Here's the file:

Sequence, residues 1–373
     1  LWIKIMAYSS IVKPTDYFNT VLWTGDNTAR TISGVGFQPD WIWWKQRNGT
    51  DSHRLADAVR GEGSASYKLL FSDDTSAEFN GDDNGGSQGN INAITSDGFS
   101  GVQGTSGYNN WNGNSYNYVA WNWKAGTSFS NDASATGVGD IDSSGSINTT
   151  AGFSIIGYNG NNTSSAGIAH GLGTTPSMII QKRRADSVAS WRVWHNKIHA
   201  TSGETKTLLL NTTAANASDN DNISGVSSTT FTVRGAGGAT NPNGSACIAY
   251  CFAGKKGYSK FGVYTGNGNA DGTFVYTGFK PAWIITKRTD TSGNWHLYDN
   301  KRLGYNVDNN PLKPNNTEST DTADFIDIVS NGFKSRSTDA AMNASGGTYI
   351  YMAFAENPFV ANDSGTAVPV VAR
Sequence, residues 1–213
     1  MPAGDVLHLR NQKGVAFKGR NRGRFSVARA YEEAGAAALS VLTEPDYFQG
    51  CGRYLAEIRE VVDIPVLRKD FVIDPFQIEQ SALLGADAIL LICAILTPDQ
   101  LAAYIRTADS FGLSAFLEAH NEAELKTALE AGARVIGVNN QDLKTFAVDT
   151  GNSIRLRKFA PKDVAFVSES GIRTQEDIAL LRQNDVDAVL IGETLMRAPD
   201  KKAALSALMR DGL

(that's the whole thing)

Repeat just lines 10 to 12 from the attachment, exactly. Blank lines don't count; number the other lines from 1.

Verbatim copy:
Sequence, residues 1–213
     1  MPAGDVLHLR NQKGVAFKGR NRGRFSVARA YEEAGAAALS VLTEPDYFQG
    51  CGRYLAEIRE VVDIPVLRKD FVIDPFQIEQ SALLGADAIL LICAILTPDQ